Scanning the dense crush of attractive faces, my eyes fell on a nose coloured brown with coffee grind. Instantly I knew this to be the face of Reuben Hills co-owner Russell Beard – a man constitutionally devout to the science and the art of coffee. As he does every Friday, Beard was preparing for a free public cupping (a practice a bit like wine tasting) in the purpose-built space above his cafe.
In the back-of-house area at Reuben Hills there is no mirror by the door in which to catch sight of a coffee-smeared nose before greeting patrons. This is because there is no back-of-house at Reuben Hills. Beard’s philosophy of transparency and his passion for community engagement and connoisseurship is reflected in the design of an establishment that makes a feature of what is customarily hidden from public view.
Nestled away from the main drag in Surry Hills, Reuben Hills, designed by Melbourne-based boutique architecture firm Herbert & Mason, unashamedly declares itself a cut above. I spoke with Alana Cooke and Matthew Herbert about the challenge of designing a shrine to coffee given the constraints of the deep, narrow site of a former printing factory. The space spans the length between two parallel streets and comprises a coffee house on ground level with a grinding and roasting station, production office and cupping area overhead, with alfresco seating at the front entrance and potential to mirror this setup in the rear laneway.
From the street aspect, Reuben Hills is a very unassuming establishment. But stepping into the space your head instinctively cranes to glimpse just how deep it really is. And then you look up. Cooke and Herbert call these semicircular cut-outs “moments.” These segments are cut from the floor/ceiling function firstly to draw the eye up to what’s happening on the floor above, secondly to allow the sound generated by a bustling concrete-clad cafe to escape into the void, and thirdly to offset a sense of being closed in by the narrow space.
On paper, given a materials list limited to pre-existing exposed brick, polished concrete underfoot, copper utility fixtures, concrete blocks for the bar and concrete tiles for the bench seats, the fitout conjures a cold, industrial aesthetic. However, the glow of orange feature lighting and the flood of natural light from the open roller door and skylights imbue the space with warmth.
The key here to creating a relaxed ambiance within a self-serious space, however, is not so much the lighting but a majority seating arrangement that doesn’t compartmentalize patrons into select groups. While there are tables that allow for intimate gatherings of two to six, the Italian-style standing bar bench, a long seated bench, wooden alfresco stools at the front and a central tiled table at the rear all encourage patrons to intermingle or at least feel comfortable in close proximity to others.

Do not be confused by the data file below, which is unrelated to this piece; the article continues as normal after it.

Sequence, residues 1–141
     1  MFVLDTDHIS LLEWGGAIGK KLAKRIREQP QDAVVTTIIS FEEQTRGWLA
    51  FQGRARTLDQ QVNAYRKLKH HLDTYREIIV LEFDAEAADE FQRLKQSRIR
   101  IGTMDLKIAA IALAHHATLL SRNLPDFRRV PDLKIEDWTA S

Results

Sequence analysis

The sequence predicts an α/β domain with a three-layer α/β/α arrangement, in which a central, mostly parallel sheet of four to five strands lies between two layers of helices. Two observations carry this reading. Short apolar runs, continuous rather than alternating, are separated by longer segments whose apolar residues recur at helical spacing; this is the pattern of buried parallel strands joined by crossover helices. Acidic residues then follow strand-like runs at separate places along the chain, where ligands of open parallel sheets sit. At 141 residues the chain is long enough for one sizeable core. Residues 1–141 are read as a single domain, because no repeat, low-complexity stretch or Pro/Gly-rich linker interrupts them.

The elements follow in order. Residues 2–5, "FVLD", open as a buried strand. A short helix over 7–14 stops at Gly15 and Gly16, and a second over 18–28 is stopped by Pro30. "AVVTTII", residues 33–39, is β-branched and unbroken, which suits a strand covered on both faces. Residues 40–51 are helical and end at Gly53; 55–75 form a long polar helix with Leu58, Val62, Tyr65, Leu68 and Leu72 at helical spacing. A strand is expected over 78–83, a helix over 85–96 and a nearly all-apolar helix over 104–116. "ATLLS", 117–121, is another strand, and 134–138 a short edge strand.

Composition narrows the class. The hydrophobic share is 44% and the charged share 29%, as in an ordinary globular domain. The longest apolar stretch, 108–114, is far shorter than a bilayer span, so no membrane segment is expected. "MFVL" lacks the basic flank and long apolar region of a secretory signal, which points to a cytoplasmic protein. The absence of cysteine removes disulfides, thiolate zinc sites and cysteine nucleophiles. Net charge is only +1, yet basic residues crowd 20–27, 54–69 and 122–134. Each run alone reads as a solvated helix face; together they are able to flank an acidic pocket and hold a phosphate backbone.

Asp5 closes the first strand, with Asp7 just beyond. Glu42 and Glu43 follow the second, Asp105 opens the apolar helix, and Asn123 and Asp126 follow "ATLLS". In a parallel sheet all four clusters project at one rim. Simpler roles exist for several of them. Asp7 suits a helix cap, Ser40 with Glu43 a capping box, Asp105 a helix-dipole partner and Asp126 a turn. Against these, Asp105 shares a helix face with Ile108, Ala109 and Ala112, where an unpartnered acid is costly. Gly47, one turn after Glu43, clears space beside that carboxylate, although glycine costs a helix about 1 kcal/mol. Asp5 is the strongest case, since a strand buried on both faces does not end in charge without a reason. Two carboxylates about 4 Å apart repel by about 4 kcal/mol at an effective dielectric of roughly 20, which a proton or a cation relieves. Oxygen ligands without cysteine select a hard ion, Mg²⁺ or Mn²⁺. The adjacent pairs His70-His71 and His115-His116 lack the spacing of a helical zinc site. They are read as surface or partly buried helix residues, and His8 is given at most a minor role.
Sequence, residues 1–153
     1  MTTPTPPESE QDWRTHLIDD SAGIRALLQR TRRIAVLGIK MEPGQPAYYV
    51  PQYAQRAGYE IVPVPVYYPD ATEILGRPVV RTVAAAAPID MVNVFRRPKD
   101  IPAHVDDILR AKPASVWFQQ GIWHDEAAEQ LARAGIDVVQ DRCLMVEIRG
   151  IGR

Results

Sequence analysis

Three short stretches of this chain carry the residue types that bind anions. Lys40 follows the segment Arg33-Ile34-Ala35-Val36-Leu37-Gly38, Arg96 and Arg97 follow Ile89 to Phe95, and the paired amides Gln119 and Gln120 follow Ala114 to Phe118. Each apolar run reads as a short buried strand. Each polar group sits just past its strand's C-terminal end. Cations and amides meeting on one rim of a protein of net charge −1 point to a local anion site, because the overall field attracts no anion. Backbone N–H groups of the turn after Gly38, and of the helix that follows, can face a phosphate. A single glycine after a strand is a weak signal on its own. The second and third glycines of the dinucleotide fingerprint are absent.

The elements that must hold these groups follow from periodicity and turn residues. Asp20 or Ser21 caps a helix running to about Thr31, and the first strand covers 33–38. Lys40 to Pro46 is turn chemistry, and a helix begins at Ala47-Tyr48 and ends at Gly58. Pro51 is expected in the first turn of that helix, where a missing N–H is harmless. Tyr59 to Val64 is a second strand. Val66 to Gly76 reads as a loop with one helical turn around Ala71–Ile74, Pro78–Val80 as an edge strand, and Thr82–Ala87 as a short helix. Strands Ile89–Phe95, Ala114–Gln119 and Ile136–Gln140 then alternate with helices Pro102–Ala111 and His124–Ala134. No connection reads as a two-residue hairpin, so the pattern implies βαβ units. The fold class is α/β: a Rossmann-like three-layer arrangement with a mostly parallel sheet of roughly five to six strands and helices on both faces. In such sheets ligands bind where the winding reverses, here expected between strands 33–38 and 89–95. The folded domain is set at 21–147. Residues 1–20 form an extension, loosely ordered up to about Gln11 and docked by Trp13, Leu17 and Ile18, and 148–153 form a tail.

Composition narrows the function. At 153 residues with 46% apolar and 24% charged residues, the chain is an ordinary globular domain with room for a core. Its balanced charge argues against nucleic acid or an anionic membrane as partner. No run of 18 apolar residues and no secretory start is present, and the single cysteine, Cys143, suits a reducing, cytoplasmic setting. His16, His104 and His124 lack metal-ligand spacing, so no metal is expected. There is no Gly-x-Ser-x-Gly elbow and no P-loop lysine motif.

Self-seriousness in Australia is not easy to get away with and the highly principled aesthetic of Reuben Hills treads along the bleeding edge of pretentiousness. However, Cooke and Herbert have calculated all the checks and balances to keep this establishment from toppling to its death. And thankfully they haven’t resorted to a voguish shabby-chic hipster look. Reuben Hills is Sydney’s boldest space established in the honour of coffee but it is also a testament to collaboration. Beard, Cooke and Herbert are daring players in their respective fields and everyone involved with this success story agrees that the result came from an intense and trusting client-architect relationship.
Products and materials
- Existing plaster with paint finish, exposed brickwork (traced geometry over wall finish, plaster removed in these sections).
- Paint finish to doors. Reuse of existing door hardware.
- Level 1 has existing pine floorboards, refinished, with lime wash. Level 1 bathroom has black hexagonal tiles with black grout. Ground level has existing concrete floor, refinished, with clear matt seal. Ground level bathroom has existing tiled floor finished with acid wash, concrete patching where existing walls were removed, clear seal.
- Sunny lights and Easy Kap downlights from Euroluce. Custom copper lights and custom fluorescent wall/ceiling lights by Herbert and Mason.
- Communal Table by Herbert & Mason and Promena Projects. Loose furniture includes Industria / Herbert & Mason collaboration.
- Joinery is Boral concrete blockwork with steel angle edge and poured concrete surface to benchtop. Victorian ash ply veneer to drawer faces. Stainless steel benches. Grey tiled splashback with black grout.
- Design practice
- Herbert & Mason
Melbourne, Vic, Australia
- Project Team
- Alana Cooke, Matthew Herbert
- Site details
61 Albion Street,
Site type Urban
Type Hospitality, Restaurants
- Project Details
Design, documentation 6 months
Construction 6 months